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What does DALL·E ‘think’ mathematics and a mathematician looks like?

DALL·E is an Artificial Intelligence (AI) system that has been designed to generate new images given a text prompt. It’s very much like doing a Google image search with one very important difference: DALL·E doesn’t try to find existing images to match your query, but creates a handful of new ones that it hopes will fit the bill.

What does craiyon/DALL·E mini ‘think’ mathematics and mathematicians look like?

You may have seen DALL·E mini posts appearing on social media for a little while now – it’s been viral for a couple of weeks, according to Know Your Meme. It’s an artificial intelligence model for producing images, operating as an open-source project mimicking the DALL·E system from company OpenAI but trained on a smaller dataset. Actually, since I had a play with this yesterday it’s renamed itself at the request of OpenAI and is now called craiyon. Since the requests all take between 1-3 mins to generate, I’m not going to re-generate all the images in this post using craiyon so that’s why they have the old ‘DALL·E mini’ branding.

AI image generation is a massively impressive technical achievement, of course. craiyon doesn’t create as stunning images as DALL·E 2, but still it can create some ‘wow’s.

What’s interesting, sometimes, is how it interprets a prompt. The data craiyon is trained on is “unfiltered data from the Internet, limited to pictures with English descriptions” according to the project’s statement on bias, and this can lead to problems including that the images may “reinforce or exacerbate societal biases”.

To see that in action, we can take a look at how the model manifests cultural expression around mathematics. When I gave it the simple prompt ‘mathematics’, it produced this.

Model for processing language in context

New research looks at how language is used to convey information in context, something which is, according to its abstract “one of the most astonishing features of human language”. Apparently there have been “many” theories providing “informal accounts of communicative inference” but few have succeeded in making “precise, quantitative predictions about pragmatic reasoning”.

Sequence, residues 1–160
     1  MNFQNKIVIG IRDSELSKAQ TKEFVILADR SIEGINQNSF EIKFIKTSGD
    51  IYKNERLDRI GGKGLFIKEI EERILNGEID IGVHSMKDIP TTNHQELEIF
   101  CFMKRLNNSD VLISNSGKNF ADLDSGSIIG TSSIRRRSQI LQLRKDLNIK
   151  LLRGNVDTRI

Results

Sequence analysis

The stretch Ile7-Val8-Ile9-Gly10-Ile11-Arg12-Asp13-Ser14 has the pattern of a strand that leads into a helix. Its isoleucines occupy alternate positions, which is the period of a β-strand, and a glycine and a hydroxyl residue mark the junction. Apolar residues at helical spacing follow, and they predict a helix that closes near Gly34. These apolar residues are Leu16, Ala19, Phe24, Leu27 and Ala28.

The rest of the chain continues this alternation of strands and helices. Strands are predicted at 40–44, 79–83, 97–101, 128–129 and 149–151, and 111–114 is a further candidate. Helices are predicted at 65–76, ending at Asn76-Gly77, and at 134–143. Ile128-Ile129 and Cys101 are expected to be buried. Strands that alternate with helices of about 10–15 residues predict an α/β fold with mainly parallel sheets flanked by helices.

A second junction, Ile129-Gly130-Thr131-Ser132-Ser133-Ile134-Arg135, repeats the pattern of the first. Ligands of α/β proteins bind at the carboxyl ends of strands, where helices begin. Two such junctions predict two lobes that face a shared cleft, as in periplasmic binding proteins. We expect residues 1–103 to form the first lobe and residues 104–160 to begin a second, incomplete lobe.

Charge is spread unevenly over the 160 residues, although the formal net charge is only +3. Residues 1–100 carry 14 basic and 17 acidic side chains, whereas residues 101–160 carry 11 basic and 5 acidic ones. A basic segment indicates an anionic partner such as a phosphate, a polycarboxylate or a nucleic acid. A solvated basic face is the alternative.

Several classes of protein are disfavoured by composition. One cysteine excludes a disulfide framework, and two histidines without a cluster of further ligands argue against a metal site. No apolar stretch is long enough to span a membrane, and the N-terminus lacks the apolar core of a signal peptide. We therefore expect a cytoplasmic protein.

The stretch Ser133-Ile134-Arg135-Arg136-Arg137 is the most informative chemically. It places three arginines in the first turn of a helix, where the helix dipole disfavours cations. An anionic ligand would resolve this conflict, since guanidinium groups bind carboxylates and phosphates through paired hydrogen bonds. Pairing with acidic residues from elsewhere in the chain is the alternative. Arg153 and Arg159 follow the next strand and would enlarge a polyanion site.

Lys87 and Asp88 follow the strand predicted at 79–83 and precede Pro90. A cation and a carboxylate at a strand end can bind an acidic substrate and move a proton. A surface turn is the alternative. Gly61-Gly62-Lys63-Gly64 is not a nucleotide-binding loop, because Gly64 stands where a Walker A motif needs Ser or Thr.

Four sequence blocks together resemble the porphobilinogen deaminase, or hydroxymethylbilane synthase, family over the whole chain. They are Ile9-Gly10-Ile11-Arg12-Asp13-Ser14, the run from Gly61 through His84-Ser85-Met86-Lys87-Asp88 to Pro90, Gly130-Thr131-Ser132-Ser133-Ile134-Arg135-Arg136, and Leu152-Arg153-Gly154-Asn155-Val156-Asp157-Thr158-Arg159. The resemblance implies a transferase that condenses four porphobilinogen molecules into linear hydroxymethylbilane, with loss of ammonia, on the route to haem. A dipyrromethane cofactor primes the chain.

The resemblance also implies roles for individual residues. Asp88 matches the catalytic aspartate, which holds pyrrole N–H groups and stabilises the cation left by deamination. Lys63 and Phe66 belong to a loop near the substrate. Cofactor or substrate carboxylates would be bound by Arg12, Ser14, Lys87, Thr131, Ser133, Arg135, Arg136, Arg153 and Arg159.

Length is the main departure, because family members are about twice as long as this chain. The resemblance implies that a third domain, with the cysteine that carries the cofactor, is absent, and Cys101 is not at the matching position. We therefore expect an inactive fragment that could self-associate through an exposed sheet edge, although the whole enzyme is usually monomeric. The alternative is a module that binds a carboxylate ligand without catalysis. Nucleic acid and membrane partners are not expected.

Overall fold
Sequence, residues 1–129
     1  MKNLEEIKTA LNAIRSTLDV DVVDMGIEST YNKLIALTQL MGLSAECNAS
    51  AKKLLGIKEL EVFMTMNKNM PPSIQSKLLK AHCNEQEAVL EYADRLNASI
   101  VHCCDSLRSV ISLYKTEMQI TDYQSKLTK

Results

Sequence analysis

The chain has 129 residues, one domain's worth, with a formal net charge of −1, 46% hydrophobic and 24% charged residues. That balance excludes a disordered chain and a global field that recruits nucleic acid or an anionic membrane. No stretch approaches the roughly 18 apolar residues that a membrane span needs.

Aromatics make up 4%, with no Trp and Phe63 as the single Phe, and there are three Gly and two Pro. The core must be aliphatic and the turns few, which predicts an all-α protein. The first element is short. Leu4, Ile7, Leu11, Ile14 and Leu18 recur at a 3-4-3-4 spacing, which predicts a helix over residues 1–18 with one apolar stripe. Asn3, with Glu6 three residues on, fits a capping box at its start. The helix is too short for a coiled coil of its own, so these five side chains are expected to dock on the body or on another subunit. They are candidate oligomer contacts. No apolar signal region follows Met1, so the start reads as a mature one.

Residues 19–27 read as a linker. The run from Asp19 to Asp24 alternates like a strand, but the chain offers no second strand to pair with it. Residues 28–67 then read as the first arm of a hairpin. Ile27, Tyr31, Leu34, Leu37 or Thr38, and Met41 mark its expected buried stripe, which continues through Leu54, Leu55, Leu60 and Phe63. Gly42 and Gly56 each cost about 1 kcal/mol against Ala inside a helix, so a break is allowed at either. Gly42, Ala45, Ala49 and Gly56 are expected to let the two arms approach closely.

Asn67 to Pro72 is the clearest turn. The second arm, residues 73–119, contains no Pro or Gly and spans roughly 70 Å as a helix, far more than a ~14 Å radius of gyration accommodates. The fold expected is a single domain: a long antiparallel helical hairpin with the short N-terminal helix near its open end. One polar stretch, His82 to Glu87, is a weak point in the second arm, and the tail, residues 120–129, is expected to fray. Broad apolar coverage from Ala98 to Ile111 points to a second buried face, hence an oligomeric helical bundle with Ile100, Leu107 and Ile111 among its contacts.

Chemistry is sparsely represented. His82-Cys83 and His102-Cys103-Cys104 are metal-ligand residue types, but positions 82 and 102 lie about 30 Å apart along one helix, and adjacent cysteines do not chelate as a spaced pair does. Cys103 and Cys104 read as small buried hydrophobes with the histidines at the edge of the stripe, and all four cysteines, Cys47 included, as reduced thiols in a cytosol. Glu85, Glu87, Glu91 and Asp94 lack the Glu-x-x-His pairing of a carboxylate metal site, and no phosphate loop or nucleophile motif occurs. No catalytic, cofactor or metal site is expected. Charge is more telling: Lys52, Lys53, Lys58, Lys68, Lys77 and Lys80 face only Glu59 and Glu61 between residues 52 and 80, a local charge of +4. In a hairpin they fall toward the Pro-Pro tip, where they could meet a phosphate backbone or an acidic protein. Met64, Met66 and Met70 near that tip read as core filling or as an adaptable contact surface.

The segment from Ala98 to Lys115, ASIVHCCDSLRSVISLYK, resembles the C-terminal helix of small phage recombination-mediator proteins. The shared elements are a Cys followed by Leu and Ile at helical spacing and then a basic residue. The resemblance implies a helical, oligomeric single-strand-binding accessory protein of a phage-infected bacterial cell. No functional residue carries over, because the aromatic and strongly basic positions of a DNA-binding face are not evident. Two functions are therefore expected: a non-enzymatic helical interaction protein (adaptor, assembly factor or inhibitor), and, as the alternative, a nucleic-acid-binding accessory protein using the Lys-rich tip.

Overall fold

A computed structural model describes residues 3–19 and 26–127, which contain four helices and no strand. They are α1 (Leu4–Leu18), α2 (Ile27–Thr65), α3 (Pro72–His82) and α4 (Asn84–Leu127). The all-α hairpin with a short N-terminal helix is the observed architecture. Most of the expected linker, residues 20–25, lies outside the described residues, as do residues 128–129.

Loebner tires of Loebner Prize, discusses future of thinking machines

TechRepublic have published an interview with Hugh Loebner, originator of the Loebner Prize competition, in which he discusses the prize and the future of thinking machines.

Math/Maths 87: Faulty Cables, Ridiculous Buses & Intergalactic Steroids

A new episode of the Math/Maths Podcast has been released.

A conversation about mathematics between the UK and USA from This week Samuel and Peter spoke about: Samuel’s ridiculous bus trip; Computer programmes with IQ 150; IBM’s Watson and data analytics; Extracting Dynamical Equations from Experimental Data is NP-Hard; OPERA faster-than-light neutrinos experiment UPDATE 23 February 2012; ‘Invisibility’ cloak could protect buildings from earthquakes; How Bots Seized Control of Carlos Bueno’s Pricing Strategy; Calculus: The Musical!; Who says ‘maths curriculum failing to meet the needs of the 21st century’?; Turing Stamp; & more, and Peter spoke to some of the team behind Maths in the City on the occasion of their inaugural London walking tour. Oh, and Samuel forgot to mention Science Sparring Society’s second fight, but the link is in the show notes anyway.

Get this episode: Math/Maths 87: Faulty Cables, Ridiculous Buses & Intergalactic Steroids

IBM piloting Watson as cloud analytics service

Watson is the computer that famously won the US game show Jeopardy last year, part of a traditional of IBM ‘grand challenges’ that includes the computer Deep Blue which in 1997 won a chess match against world champion Garry Kasparov. At the time it was reported that IBM intended Watson to be applicable in business cases where large quantities of data need sorting, for example in healthcare.

Now, in an article titled “IBM’s Watson is changing careers”, Fortune reports Watson “will soon be available as a commercialized analytics tool for data-heavy industries like healthcare, telecom and financial services”, with insurance company WellPoint acting as a pilot tester. With Watson as a cloud service, the article suggests some example applications:

A financial services firm could use it to sift through news reports and market research to find likely acquisition targets. Or a healthcare company could utilize Watson to process medical articles, prior cases and even a patient’s own medical history and identify the most likely diagnosis and best course of treatment.

Fortune acknowledges that data analytics is nothing new, but describes Watson as like “Siri… on intergalactic steroids”.

IBM has further plans for making Watson available on smartphones and tablets, and for translation to other languages “including Japanese and French”. The article also mentions competitors to IBM such as Oracle and SAP are also investing in analytics.

Source: IBM’s Watson is changing careers.